Fiedler seemed the ultimate underdog story. An Ivy Leaguer from Dartmouth (and
only in the sports world are Ivy Leaguers considered underdogs), he played one
year in the NFL and then spent two out of football before getting another shot,
with Jacksonville in 1999. After a strong half-season for the Jaguars, he was
signed by Miami in 2000, and—wham!—he's succeeding Marino, the man with the
golden arm and the Hasselhoff tan. From the start, it was a like/hate
relationship with the fans. Only when Fiedler was injured in 2002 and his
backup, the hapless Ray Lucas, directed the Dolphins to four losses in six
games did the fans come to appreciate Jay. Even that was short-lived; while
Fielder went 37--24 as a starter for Miami, he was an unforgivable 1--2 in the
playoffs. "It was tough, because everyone down here thinks the glory days
are right around the corner," says Fiedler, 36, who runs a Florida-based
entertainment company and co-owns the East Kentucky Miners of the CBA.
"Sometimes they don't realize how hard it is."
You can always
just get on with your life, right?
Asked about the
Favre comparison, Rodgers says, "It's going to be with me my entire career
in the NFL, and I'm fine with that." But that's not the whole story. These
associations stick for life. Just ask Marty Domres, who replaced Unitas in
Baltimore in 1972 and started for two seasons before finishing his career as a
backup with the 49ers and the Jets. To this day Domres receives about 30
letters a month, some at home and some at his office in Baltimore, where he
works as a financial adviser for Deutsche Bank. Most of the notes mention
Unitas—and if they include football cards to sign, they're usually of Johnny U.
"Mine aren't worth much, signed or not," jokes Domres, who remained
good friends with Unitas until Unitas's death in 2002. Likewise, Todd and
Namath were close, and remain so. Namath still calls Todd by the nickname
bestowed upon him 30 years ago, Double Duty, because as Todd explains, "I
have a big butt."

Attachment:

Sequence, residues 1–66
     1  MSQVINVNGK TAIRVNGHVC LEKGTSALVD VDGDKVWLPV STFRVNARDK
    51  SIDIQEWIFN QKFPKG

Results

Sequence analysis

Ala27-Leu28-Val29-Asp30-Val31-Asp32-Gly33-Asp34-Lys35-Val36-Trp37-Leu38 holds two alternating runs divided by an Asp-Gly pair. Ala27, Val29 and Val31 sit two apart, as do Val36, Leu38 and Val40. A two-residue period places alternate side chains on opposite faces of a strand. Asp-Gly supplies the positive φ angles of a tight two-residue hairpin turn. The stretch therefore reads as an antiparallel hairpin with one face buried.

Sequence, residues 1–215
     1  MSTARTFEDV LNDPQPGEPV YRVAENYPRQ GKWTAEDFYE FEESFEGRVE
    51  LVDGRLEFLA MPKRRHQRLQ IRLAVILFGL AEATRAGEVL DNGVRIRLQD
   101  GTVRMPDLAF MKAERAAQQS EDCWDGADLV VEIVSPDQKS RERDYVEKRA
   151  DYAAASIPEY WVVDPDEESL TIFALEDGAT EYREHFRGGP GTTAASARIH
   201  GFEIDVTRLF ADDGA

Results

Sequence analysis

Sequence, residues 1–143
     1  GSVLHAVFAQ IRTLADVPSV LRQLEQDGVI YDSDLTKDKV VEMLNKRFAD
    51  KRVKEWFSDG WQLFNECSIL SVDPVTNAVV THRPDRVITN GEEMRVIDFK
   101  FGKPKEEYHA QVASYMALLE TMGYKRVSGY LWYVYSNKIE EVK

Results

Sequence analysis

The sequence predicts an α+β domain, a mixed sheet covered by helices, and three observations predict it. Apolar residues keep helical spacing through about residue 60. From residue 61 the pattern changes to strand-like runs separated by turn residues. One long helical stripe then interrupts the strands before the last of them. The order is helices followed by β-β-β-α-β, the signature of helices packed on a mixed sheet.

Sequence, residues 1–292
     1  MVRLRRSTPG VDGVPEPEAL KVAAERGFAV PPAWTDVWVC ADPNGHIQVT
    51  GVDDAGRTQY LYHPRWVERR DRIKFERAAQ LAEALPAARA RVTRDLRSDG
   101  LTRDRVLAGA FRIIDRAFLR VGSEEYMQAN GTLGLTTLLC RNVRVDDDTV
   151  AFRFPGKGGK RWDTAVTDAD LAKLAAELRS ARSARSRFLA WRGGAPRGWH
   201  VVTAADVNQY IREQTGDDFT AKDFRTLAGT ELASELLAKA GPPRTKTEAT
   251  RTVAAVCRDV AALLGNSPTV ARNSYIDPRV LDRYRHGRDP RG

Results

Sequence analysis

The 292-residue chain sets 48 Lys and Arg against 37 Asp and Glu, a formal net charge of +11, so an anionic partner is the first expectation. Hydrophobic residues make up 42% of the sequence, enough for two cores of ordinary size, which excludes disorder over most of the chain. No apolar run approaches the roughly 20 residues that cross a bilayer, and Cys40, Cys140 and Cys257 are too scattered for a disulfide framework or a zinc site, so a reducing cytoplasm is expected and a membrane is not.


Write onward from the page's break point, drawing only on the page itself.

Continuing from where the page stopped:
The We Followed
Legends club is not, however, clubby itself. Most members have never met. Brian
Griese does not call Cliff Stoudt in the middle of the night for a
heart-to-heart. Some, like Hunter, think it would be fun to get together.
Others, such as Fiedler, prefer not to make the association. "I've always
looked at my career the same way," he says. "What I did on the field
has no bearing on who was before me or who was after me."
sentiment, certainly, but sometimes the best thing that can happen is when the
next quarterback comes to town. And the next. And it turns out that none of
them is a legend either. Suddenly that first replacement looks a lot better.
"It seems like I'm more popular now than when I was playing," says
Fiedler. "Miami fans have had a rough go of it the last few years, and a
lot of them kind of look back and say, 'Hey, we really respect you. It was too
bad you had to be compared to Marino.'"
Stoudt's moment of
reconciliation came in 2004, when he returned to Pittsburgh for a celebration
of the Steelers' 1979 Super Bowl team. It had been 20 years since he'd left,
but Stoudt was nervous about running back out in front of the fans. Would they
boo again? Would he get nailed by an airborne can of Iron City? He began
walking across the turf, and as he did it was like shedding weight with each
step—and each roar. The Pittsburgh fans were cheering. "It's nice that time
has healed some wounds," says Stoudt. "In some ways, I guess it's neat
to be part of history. As long as they spell your name right and keep telling
the stories, you live on, right?"
So how will it
turn out for this kid?
Ask these men
about Rodgers's situation and they see it as double-edged. On the one hand he
inherits a good team—the Packers went 13--3 last season—but on the other hand
... he inherits a good team, which means he's expected to do well.
He'll have the
advantage of playing in a ball-control offense, where he doesn't need to pass
for 300 yards a game ... but then so did Fiedler, and he was booed for the
slightest mistake because the job is presumed to be easy.
He's familiar with
the system and the players after three years in Green Bay ... but that means he
can't hide behind the excuse of a breaking-in period.